In a further development of the invention, arrangements are provided for adjusting the magnitudes of the coefficients V1k, V2k and i1k, i2k, in which k=1 to 6, or the magnitudes of the potentials of all the electrodes, and of the currents in all the current conductors, belonging, in each case, to the correcting elements, as well as the magnitudes of the potentials and currents in other components which are employed for deflecting or focussing in the particle spectrometer or, in general, in an imaging system, one or more process computers being used to effect these adjustments. In such an arrangement, the adjustment is effected as a function of the particle-current distribution in the image plane, or in an intermediate image plane, or as a function of the particle-current signals in the final target or targets, on in intermediate targets, when the particle bundle is modified in a defined manner by one or more correcting elements, to the zero-th, 1st, 2nd, 3rd, 4th or 5th approximation. This process can involve a deflection or focussing operation, or impression with aberrations of the 2nd, 3rd, 4th and 5th orders, it also being possible to provide, in addition to the controlled correcting elements, additional deflecting capacitors, or short deflecting magnets, with flux lines perpendicular to the optical axis, and/or beam-twisting magnet coils, with flux lines running parallel to the optical axis.

Using the correcting elements described above, an adjustment operation can be carried out, for example, as a whole, in the following manner:

A. A modulation of the signal from a spectral line is obtained, beyond the exit slit, by periodically varying the magnitude of one of the deflecting fields. By activating a selected correcting element, in proportion to the variation of the magnetic sector-field, this modulation can be partially or completely compensated, depending on the amplitude of the potential or current used to activate the correcting element, when the azimuth angle Φn of the deflection of the selected n-th correcting element has been suitably rotated.

If all the correcting elements are successively activated, in this manner, with respect to their deflection effects, it is thus possible to indicate, for each k-th correcting element, through which azimuth angle Φk =ΔΦk the deflection in this corrector would have had to be twisted in order to coincide with the deflection direction of the selected n-th deflecting field. The deflection direction of all the other deflecting fields must then be fine adjusted, either mechanically, to that of the reference deflecting field, or the particle bundle must be twisted, in a suitable manner, by means of quadrupoles, according to FIG. 2, or by means of magnet coils, the axes of which coincide with the optical axis of the particle bundle.

B. By adjusting the magnitude of the deflection effect of a correcting element, in general of the first correcting element in the flight direction of the charged particles, the particle bundle can be allowed to pass through the exit slit at maximum intensity.

C. By adjusting the deflection power of the quadrupole component of a correcting element, shortly before, or after one of the magnetic sector-fields, it is then possible to focus the particle bundle in the x-direction, in the optimum manner, that is to say, the beam width is reduced to a minimum value at the location of the exit slit. If the divergence angle of the particle beam, in the x-direction, is too small to allow this minimum setting to be accomplished in a distinct manner, it is also possible to apply, by means of a deflecting capacitor, fitted a short distance beyond the entry slit 1, a reciprocating deflection of the particle beam, and thereby to effect a virtual enlargement of the aperture angle. It is also possible, instead of a deflecting capacitor of this type, to employ the deflecting effect of the first correcting element of the system as a whole.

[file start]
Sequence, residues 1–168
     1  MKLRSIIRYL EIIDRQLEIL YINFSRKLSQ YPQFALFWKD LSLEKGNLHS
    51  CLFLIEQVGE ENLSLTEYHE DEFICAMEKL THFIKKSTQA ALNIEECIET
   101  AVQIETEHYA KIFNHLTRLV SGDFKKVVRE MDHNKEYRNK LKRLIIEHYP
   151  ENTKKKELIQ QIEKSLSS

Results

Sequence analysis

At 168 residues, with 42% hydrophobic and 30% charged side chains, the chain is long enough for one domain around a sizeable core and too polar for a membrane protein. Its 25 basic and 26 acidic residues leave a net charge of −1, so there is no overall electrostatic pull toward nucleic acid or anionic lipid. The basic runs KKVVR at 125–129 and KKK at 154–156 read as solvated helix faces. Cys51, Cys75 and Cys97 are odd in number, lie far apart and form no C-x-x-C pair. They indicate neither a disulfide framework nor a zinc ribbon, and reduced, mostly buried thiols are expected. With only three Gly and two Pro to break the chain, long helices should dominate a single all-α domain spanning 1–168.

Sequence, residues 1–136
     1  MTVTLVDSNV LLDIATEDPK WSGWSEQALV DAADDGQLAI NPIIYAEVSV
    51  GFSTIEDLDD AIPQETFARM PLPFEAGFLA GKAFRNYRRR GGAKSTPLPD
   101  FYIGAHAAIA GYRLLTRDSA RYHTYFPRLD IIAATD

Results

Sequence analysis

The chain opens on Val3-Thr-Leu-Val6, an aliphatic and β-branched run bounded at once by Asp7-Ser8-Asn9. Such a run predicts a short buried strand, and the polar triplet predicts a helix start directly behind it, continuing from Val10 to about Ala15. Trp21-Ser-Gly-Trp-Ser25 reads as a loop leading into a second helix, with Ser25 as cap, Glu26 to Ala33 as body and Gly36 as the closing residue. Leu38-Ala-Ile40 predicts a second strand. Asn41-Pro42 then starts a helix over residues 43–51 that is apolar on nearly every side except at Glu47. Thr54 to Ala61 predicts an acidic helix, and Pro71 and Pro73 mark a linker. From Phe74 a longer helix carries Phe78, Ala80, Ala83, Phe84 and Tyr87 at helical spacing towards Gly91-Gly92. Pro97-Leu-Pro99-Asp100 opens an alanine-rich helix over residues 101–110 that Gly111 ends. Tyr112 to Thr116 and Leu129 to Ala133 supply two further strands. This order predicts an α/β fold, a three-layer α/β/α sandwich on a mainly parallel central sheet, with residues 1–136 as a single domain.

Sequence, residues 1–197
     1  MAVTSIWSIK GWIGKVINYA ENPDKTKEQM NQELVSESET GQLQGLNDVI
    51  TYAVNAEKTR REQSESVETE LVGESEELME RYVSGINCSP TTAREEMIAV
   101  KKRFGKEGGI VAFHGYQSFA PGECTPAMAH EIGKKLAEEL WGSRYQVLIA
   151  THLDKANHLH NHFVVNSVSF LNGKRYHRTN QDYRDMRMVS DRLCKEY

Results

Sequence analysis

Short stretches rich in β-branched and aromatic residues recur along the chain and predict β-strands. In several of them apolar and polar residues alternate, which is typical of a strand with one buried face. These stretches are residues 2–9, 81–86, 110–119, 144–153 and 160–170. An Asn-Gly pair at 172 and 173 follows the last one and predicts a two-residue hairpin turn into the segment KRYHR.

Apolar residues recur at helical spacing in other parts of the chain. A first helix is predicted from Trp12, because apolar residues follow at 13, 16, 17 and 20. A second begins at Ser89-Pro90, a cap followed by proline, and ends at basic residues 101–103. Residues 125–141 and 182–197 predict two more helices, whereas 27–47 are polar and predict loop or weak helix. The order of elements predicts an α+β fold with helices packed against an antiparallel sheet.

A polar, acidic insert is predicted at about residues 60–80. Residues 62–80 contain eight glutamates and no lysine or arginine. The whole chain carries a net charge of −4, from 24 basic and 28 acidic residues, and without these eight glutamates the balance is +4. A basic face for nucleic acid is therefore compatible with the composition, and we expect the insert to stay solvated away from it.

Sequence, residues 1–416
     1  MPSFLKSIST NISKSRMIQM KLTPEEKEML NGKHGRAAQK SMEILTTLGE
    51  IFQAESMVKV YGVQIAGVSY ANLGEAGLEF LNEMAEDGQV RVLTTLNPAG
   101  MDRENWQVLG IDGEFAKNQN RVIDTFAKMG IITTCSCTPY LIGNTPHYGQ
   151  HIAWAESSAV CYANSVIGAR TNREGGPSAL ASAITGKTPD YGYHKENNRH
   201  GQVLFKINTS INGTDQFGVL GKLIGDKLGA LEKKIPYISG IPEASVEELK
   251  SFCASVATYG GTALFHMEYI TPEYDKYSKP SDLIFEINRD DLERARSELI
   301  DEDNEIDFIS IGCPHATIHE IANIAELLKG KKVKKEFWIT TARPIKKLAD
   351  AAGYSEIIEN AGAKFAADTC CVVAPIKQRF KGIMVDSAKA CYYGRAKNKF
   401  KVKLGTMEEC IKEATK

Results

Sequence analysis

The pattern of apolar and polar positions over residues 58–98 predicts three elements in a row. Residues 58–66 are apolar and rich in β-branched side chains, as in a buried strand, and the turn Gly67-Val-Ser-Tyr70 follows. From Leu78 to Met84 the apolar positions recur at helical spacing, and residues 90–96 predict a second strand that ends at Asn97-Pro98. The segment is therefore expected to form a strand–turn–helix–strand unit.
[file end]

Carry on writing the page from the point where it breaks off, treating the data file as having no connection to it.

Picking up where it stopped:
D. By adjusting the quadrupole component of the first correcting element, this component being twisted through 45°, and possibly by adjusting the second correcting element or, alternatively, the last correcting element, the particle beam can be twisted in such a manner that the image of the entry slit 1 is parallel to the exit slit 3.

It proves expedient to carry out the steps B.,C. and D., listed above, several times, in an iterative manner, until the particle beam, or the particle bundle, comes through the exit slit 3 at the optimum intensity. This iterative process can also be followed by a process aimed at optimizing or minimizing the aberrations, by means of the hexapole, decapole, and duodecapole components of the correcting elements, again carried out in an iterative manner.

The invention can, with the correcting elements indicated, be employed in the most diverse fields, in order to carry out the adjustments or optimisation of mass spectrometers, ion separators, implantation units, electron microscopes, or particle accelerators. In applying the invention, it is particularly advantageous if the sub-assemblies or elements, described above, are activated with the aid of a process computer, it being possible, for example, to equip each electrode with a short-term memory device, for example in the form of a capacitor, which is charged, in accordance with the computer program, to the voltage required at the moment in question.

In the process which has been described, the potentials V=V (Φ) and the currents I=I (Φ) can be composed of a large number of individual terms, the magnitudes of which depend on the coefficients Vij and Iij, in which i=1,2 and j=1,2, . . . P, where P indicates the order of the multipole. The magnitude of the angle Φ is determined, in its turn, by the quotients V1i /V2i or I1i /I2i, where i=1,2, . . . P, where P again indicates the order of the multipole.

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Referenced by
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US4763003 *Feb 17, 1987Aug 9, 1988Trw Inc.Method and apparatus for correcting high-order abberations in particle beams
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Classifications
U.S. Classification250/396.00R, 250/292, 976/DIG.433, 313/361.1
International ClassificationH01J49/04, H01J37/147, G21K1/087
Cooperative ClassificationG21K1/087, H01J49/061, H01J37/1471
European ClassificationH01J49/06D, G21K1/087, H01J37/147B
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Effective date: 19880318
Jul 7, 1992REMIMaintenance fee reminder mailed
Dec 6, 1992LAPSLapse for failure to pay maintenance fees
Feb 16, 1993FPExpired due to failure to pay maintenance fee
Effective date: 19921208